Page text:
A well-known paradox in seismic imaging is that the detailed information about the subsurface velocity is required before a reliable image can be obtained. In practice, this paradox leads to an iterative approach to building the image. It looks attractive to relate small changes in velocity parameters to inexpensive operators perturbing the image. This approach has been long known as residual migration . A classic result is the theory of residual post-stack migration Rothman et al. (1985), extended to the prestack case by Etgen (1990). In a recent paper, Fomel (1996) introduced the concept of velocity continuation as the continuous model of the residual migration process. All these results were based on the assumption of the isotropic velocity model.
Recently, emphasis has been put on the importance of considering anisotropy and its influence on data. Alkhalifah and Tsvankin (1995) demonstrated that, for TI media with vertical symmetry axis (VTI media), just two parameters are sufficient for performing all time-related processing, such as normal moveout (NMO) correction (including non-hyperbolic moveout correction, if necessary), dip-moveout (DMO) correction, and prestack and poststack time migration. One of these two parameters, the short-spread NMO velocity for a horizontal reflector, is given by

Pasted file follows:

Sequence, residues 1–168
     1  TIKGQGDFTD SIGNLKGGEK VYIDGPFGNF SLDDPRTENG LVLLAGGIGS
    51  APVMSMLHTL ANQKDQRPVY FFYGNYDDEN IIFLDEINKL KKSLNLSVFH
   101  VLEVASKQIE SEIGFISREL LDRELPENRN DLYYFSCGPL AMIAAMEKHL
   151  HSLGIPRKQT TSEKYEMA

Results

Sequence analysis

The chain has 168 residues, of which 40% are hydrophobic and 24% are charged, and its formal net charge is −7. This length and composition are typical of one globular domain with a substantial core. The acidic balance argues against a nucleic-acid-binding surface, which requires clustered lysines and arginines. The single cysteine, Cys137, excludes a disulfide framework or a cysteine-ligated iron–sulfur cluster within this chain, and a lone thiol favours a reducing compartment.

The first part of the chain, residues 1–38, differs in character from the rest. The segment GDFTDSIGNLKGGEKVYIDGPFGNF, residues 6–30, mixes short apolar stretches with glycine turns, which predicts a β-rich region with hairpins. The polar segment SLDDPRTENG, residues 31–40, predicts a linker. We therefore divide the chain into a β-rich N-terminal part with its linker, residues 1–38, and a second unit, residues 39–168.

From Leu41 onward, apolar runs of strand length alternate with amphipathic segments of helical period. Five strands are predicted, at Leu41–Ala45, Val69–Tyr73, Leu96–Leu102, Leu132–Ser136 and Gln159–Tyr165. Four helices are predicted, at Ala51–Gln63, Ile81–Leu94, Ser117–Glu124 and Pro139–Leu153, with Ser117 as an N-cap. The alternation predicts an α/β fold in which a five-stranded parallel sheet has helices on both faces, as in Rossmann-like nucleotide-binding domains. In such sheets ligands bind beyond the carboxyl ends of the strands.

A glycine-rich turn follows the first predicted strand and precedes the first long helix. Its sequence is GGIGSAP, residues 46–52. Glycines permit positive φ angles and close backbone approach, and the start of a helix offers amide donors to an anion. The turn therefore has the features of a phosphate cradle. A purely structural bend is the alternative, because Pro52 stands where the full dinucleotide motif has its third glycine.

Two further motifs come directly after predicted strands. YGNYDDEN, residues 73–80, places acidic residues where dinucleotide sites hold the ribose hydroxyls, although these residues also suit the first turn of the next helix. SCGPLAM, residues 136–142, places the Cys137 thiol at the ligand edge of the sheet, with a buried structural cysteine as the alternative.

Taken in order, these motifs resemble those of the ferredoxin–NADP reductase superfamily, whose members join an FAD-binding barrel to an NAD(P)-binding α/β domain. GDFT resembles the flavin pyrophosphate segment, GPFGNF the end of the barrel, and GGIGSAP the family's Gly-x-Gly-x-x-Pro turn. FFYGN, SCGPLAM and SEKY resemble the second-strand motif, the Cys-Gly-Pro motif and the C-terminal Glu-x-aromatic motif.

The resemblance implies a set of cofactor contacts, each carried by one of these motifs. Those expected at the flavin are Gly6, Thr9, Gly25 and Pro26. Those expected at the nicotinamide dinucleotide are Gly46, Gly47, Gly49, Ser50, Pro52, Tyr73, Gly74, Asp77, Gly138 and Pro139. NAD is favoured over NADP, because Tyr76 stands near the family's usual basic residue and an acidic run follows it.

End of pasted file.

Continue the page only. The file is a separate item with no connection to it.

In this paper, we generalize the velocity continuation concept to handle VTI media. We define anisotropy continuation as the process of seismic image perturbation when either v or change as migration parameters. This approach is especially attractive, when the initial image is obtained with isotropic migration (that is with ). In this case, anisotropy continuation is equivalent to introducing anisotropy in the model without the need of repeating the migration step.
For the sake of simplicity, we start from the post-stack case and purely kinematic description. We define however the guidelines for moving to the more complicated and interesting cases of prestack migration and dynamic equations. The results are preliminary, but they open promising opportunities for seismic data processing in presence of anisotropy.